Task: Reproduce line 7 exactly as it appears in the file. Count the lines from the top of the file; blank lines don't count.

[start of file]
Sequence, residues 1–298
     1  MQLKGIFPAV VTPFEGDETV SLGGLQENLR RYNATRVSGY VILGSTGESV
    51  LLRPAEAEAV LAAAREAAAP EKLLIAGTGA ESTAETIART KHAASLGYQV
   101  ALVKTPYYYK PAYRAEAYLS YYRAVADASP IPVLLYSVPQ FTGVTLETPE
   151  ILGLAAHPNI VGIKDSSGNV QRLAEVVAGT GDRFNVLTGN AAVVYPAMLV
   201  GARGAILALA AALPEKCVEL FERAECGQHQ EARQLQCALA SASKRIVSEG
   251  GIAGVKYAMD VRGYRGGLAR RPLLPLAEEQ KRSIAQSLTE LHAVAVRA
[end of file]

   251  GIAGVKYAMD VRGYRGGLAR RPLLPLAEEQ KRSIAQSLTE LHAVAVRA